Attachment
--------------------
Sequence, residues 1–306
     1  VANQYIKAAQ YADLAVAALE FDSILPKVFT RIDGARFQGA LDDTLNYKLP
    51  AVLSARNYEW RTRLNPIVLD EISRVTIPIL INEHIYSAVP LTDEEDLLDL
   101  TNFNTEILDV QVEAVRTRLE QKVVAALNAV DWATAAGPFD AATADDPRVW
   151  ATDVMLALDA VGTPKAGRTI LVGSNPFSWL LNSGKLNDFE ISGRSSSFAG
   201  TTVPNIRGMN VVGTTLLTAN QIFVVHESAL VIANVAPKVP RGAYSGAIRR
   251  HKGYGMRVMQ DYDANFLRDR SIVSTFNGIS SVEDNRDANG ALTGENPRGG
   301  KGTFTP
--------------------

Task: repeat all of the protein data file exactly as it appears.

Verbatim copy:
Sequence, residues 1–306
     1  VANQYIKAAQ YADLAVAALE FDSILPKVFT RIDGARFQGA LDDTLNYKLP
    51  AVLSARNYEW RTRLNPIVLD EISRVTIPIL INEHIYSAVP LTDEEDLLDL
   101  TNFNTEILDV QVEAVRTRLE QKVVAALNAV DWATAAGPFD AATADDPRVW
   151  ATDVMLALDA VGTPKAGRTI LVGSNPFSWL LNSGKLNDFE ISGRSSSFAG
   201  TTVPNIRGMN VVGTTLLTAN QIFVVHESAL VIANVAPKVP RGAYSGAIRR
   251  HKGYGMRVMQ DYDANFLRDR SIVSTFNGIS SVEDNRDANG ALTGENPRGG
   301  KGTFTP